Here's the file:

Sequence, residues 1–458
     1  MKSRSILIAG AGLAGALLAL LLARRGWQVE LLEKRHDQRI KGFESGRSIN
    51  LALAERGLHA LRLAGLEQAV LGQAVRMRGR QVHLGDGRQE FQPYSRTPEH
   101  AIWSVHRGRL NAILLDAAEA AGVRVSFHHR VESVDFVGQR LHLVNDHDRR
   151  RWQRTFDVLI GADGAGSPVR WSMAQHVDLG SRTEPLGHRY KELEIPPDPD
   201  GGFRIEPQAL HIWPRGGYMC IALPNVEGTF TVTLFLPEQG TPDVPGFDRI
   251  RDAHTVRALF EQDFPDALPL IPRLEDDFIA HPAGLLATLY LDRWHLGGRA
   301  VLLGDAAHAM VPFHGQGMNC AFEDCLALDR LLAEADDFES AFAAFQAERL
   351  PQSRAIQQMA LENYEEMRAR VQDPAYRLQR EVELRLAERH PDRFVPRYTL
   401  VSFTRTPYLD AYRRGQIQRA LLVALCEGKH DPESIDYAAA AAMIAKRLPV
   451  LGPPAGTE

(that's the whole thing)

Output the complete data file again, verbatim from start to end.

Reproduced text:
Sequence, residues 1–458
     1  MKSRSILIAG AGLAGALLAL LLARRGWQVE LLEKRHDQRI KGFESGRSIN
    51  LALAERGLHA LRLAGLEQAV LGQAVRMRGR QVHLGDGRQE FQPYSRTPEH
   101  AIWSVHRGRL NAILLDAAEA AGVRVSFHHR VESVDFVGQR LHLVNDHDRR
   151  RWQRTFDVLI GADGAGSPVR WSMAQHVDLG SRTEPLGHRY KELEIPPDPD
   201  GGFRIEPQAL HIWPRGGYMC IALPNVEGTF TVTLFLPEQG TPDVPGFDRI
   251  RDAHTVRALF EQDFPDALPL IPRLEDDFIA HPAGLLATLY LDRWHLGGRA
   301  VLLGDAAHAM VPFHGQGMNC AFEDCLALDR LLAEADDFES AFAAFQAERL
   351  PQSRAIQQMA LENYEEMRAR VQDPAYRLQR EVELRLAERH PDRFVPRYTL
   401  VSFTRTPYLD AYRRGQIQRA LLVALCEGKH DPESIDYAAA AAMIAKRLPV
   451  LGPPAGTE